This is the first of three books edited by Jean Dunn, which are wholly taken from daily Talks given by Nisargadatta Maharaj at his Bombay apartment during 1979 and 1980. Books of this type have been prepared by other editors, all of whom used the same group of English translators, but Dunn (a disciple for many years) has selected the clearest talks, least burdened with technical Hindu pointers.
Maharaj addresses questions from seekers like:
- How do I eradicate fear?
- What is consciousness?
- What are virtue and faith?
- How should we move in the world?
- What is eternal?
His answers are specific and timeless, personal and universal, clear and confounding, but always they point to a deeper examination of the “I AM”, of who we actually are. This book is well worth a careful reading.
For those who already feel drawn to Maharaj, there is a sweet introduction by Ramesh Balsekar, who in 10 pages describes Maharaj’s life and teaching.
Revised edition by Acorn Press 1990
Edited by Jean Dunn
Softcover 215 pages
Excerpts from the book:
There have been a number of prophets, who have devised various religions according to their own ideas and concepts. These religions prescribe various codes of conduct: “Do this,” “Don’t do that.” With all these do’s and don’ts, is there any change in the basic instincts of people?
A Hindu throws a stone at a cow and the cow dies. Because of his religion, the Hindu thinks that he has committed a great sin. At the same time people of other religions slaughter a cow and eat the meat. To them there is no sin. The butcher and his family are quite happy, and well off too! They are not affected by sin. The Hindu will perform conventional acts to expiate his sin. Don’t go into the different conventional codes. Go to the root.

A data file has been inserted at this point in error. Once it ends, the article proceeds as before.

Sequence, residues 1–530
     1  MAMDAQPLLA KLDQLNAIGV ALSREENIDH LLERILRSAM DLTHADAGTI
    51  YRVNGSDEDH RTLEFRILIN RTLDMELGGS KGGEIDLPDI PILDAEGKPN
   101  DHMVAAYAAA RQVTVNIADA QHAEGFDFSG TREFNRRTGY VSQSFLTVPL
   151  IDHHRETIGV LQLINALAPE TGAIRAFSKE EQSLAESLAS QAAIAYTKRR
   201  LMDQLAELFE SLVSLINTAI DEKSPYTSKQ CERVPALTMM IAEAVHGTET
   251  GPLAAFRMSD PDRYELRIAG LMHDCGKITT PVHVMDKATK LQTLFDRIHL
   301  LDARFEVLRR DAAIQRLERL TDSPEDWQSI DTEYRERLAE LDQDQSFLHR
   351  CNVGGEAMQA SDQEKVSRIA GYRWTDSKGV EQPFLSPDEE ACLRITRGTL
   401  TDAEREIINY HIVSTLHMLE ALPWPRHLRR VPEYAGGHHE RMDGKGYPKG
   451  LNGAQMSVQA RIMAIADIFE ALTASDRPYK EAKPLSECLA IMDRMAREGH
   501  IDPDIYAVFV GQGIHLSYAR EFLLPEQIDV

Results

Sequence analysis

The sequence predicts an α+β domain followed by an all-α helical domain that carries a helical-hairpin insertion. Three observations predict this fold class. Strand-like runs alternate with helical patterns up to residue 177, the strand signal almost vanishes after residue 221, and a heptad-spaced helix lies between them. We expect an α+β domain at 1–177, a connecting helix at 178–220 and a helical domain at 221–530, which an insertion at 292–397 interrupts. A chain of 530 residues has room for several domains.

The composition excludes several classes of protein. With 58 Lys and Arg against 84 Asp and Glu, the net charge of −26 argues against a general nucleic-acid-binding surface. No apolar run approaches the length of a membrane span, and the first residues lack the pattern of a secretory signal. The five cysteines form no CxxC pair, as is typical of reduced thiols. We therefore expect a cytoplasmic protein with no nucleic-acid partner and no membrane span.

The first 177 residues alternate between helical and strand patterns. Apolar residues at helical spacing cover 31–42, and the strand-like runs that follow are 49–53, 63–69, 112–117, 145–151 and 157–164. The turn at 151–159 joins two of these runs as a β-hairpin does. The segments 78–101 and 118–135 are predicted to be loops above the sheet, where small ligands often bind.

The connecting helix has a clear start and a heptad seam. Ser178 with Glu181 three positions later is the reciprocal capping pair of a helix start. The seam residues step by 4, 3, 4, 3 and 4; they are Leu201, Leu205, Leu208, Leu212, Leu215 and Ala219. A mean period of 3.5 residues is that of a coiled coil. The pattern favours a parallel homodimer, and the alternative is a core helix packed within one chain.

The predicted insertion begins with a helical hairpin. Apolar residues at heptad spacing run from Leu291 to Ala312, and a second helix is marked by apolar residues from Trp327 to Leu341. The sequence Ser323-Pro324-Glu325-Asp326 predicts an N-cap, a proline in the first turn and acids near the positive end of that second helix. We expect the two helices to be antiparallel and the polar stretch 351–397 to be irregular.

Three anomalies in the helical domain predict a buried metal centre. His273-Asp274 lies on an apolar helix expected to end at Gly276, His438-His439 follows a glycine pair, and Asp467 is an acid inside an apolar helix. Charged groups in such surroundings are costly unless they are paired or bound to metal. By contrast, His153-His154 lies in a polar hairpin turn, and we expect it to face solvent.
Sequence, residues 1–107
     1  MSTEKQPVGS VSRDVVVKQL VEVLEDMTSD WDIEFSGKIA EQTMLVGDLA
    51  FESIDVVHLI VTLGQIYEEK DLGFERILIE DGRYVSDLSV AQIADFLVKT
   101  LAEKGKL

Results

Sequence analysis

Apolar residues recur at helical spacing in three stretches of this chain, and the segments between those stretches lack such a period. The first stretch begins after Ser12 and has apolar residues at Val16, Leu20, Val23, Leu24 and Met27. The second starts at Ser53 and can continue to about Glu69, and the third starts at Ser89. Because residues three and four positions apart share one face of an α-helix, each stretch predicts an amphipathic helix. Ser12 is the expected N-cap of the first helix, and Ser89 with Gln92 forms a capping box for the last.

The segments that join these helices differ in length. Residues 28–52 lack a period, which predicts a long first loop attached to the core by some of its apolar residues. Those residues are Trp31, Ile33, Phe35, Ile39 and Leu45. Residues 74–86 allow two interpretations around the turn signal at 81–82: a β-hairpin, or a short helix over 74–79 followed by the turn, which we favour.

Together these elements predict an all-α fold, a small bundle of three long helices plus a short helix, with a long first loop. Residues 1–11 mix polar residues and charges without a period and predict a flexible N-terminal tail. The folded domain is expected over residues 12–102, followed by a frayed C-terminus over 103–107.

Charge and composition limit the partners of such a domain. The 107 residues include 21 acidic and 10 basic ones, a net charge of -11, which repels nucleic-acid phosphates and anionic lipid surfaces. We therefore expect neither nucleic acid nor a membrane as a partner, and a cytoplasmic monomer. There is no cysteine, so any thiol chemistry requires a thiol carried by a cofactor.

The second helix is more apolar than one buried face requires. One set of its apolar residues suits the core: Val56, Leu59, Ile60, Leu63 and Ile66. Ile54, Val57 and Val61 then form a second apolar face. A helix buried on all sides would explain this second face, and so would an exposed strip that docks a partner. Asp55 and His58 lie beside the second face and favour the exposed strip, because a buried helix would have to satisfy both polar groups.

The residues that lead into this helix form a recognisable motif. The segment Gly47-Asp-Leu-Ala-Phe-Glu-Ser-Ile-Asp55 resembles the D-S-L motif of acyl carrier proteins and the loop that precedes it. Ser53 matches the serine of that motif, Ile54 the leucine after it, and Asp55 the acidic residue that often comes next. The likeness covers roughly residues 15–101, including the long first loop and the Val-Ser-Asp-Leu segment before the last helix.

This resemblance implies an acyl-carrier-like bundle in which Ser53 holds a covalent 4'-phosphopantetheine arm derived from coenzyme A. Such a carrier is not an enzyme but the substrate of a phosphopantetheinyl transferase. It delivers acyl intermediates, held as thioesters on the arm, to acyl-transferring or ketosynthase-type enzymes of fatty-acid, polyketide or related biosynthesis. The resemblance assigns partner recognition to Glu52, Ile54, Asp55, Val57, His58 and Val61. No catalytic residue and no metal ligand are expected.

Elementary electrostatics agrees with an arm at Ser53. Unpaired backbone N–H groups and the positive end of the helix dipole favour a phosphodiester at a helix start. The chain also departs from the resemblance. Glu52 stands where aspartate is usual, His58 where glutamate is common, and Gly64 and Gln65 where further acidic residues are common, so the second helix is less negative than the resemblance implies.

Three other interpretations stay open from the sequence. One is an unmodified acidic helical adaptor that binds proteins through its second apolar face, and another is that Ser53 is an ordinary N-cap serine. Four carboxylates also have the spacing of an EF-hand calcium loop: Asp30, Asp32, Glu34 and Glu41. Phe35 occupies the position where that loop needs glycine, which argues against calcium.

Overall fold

In an infinitesimal seed the whole tree is already present in a latent state; in due course it will grow and proliferate. This seed, this chemical, this beingness, contains the whole universe of yours. Ask questions from this beingness of yours and not from what you have heard or collected.
This beingness has its own latent qualities to manifest itself into this manifestation. How does it behave in the world? Through mechanical properties; it has its own mechanical way as to how it will perform in the world. These properties are latent in the chemical principle. Take a worm, or an insect, or a rate; they make their own holes to live in. Similarly, human beings work in their own fashion. From where does it spring?